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Using XSL Formatting Objects

If you need to format content not just for web pages, but for pages that will actually be printed out, keep reading. There is a technology called XSL Formatting Objects that can help you get the job done. In this article, we'll explain how to use it to format your content appropriately.

Author Info:
By: Peyton McCullough
Rating: 4 stars4 stars4 stars4 stars4 stars / 7
February 04, 2009
  1. · Using XSL Formatting Objects
  2. · Creating a Hello world document
  3. · Processing a document
  4. · Page masters

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Using XSL Formatting Objects - Creating a Hello world document
(Page 2 of 4 )

Let's get started writing an XSL-FO document, one that simply places the text "Hello, world." on a page. Call the document helloworld.fo (.fo is the typical file extension for XSL-FO). The root element for an XSL-FO document is called root, and the typical namespace prefix for XSL-FO elements is fo. Let's go ahead and create the root element, along with the namespace declaration and the XML declaration:

<?xml version="1.0" encoding="UTF-8"?>
<fo:root xmlns:fo="http://www.w3.org/1999/XSL/Format">


Next, we need to define a "page master," a type of formatting object which can be thought of as a page template. A page master specifies a page's geometry, such as its size and margins. We'll get into more detail later on. For now, let's just create a minimal page master. All masters are contained within the layout-master-set element:



To create an individual page master, we'll need to create a simple-page-master element. Page masters must be named using the name attribute. Let's create a page master named "BasicPage":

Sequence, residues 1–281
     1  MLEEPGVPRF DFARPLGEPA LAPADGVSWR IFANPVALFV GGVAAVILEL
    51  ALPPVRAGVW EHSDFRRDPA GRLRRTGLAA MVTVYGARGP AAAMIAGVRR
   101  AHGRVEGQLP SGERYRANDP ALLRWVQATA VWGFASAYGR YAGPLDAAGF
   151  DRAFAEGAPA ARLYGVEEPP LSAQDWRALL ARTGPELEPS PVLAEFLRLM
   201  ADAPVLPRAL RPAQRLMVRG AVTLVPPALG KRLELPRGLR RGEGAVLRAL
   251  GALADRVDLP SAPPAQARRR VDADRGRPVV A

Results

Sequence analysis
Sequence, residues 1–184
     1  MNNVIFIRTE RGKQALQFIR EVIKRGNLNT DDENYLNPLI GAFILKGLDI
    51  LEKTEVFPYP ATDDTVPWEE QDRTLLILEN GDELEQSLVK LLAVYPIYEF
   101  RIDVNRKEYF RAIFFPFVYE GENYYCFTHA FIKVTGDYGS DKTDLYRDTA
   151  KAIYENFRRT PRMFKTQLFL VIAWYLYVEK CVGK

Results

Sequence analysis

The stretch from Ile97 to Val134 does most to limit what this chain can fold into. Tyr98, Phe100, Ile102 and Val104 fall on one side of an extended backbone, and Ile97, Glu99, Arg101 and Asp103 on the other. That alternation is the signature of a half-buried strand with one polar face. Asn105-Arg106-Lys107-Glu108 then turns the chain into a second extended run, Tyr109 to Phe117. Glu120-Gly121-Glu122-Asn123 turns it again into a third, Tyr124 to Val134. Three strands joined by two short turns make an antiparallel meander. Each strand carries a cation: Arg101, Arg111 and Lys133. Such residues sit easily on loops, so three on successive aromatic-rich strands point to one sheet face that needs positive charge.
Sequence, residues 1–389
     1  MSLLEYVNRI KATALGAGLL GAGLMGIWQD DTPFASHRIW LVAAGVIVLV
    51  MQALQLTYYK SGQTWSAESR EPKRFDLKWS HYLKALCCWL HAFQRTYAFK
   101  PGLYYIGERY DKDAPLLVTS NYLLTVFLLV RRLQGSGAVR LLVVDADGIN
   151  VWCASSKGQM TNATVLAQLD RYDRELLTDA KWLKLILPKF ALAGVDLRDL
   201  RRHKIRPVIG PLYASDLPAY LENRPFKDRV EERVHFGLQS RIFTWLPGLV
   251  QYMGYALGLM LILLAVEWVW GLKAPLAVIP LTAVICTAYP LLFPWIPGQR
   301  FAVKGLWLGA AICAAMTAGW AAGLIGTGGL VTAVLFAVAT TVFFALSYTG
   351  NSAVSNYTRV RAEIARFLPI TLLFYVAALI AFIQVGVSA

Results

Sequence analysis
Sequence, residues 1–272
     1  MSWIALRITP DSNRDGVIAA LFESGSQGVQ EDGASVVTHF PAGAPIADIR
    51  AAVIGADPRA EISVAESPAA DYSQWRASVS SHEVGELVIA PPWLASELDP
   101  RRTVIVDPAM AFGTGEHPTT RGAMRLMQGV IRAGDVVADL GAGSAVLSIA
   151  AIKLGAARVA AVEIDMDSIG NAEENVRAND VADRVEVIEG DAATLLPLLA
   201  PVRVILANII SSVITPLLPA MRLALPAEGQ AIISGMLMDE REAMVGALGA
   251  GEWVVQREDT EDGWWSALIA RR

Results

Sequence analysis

<fo:simple-page-master master-name="BasicPage">


A page can be divided into regions, which contain the content of the page. So, in order to make way for content, we must create a region within the page master. This region must be given a name using the region-name attribute. There are several elements available to create regions. We'll be using the region-body element because we want to place content in the body of the page. Let's create this element, and let's name the region "Body":

<fo:region-body region-name="Body" />

Now we need to add some content. To create a page, we need to create a page-sequence element, which must be a child of the root element. The content contained within a page-sequence element will "flow" from one page to the next as needed. We need to set the master-reference attribute to point to the page master that we just created:

<fo:page-sequence master-reference="BasicPage">


To add content to the region we created, we need to use a flow element. The flow-name attribute of this element specifies the region of the page where the content will go. Below, we create a flow element, which goes inside of the page-sequence element:

<fo:flow flow-name="Body">


Now we can add a "block" of content using the block element, and inside of the block, we can put "Hello, world.":

<fo:block>Hello, world.</fo:block>

The completed document should look like this:

<?xml version="1.0" encoding="UTF-8"?>
<fo:root xmlns:fo="http://www.w3.org/1999/XSL/Format">
        <fo:simple-page-master master-name="BasicPage">
            <fo:region-body region-name="Body" />
    <fo:page-sequence master-reference="BasicPage">
        <fo:flow flow-name="Body">
            <fo:block>Hello, world.</fo:block>

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